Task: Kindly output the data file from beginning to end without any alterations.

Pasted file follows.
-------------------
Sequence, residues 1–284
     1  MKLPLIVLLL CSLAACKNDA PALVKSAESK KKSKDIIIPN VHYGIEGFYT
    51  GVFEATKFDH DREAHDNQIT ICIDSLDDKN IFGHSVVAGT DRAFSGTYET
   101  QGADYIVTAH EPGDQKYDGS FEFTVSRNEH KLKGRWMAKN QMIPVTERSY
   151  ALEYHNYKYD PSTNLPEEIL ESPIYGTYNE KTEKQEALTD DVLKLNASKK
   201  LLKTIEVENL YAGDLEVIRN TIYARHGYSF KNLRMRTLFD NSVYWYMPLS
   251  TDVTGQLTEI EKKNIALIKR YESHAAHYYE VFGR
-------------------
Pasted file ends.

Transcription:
Sequence, residues 1–284
     1  MKLPLIVLLL CSLAACKNDA PALVKSAESK KKSKDIIIPN VHYGIEGFYT
    51  GVFEATKFDH DREAHDNQIT ICIDSLDDKN IFGHSVVAGT DRAFSGTYET
   101  QGADYIVTAH EPGDQKYDGS FEFTVSRNEH KLKGRWMAKN QMIPVTERSY
   151  ALEYHNYKYD PSTNLPEEIL ESPIYGTYNE KTEKQEALTD DVLKLNASKK
   201  LLKTIEVENL YAGDLEVIRN TIYARHGYSF KNLRMRTLFD NSVYWYMPLS
   251  TDVTGQLTEI EKKNIALIKR YESHAAHYYE VFGR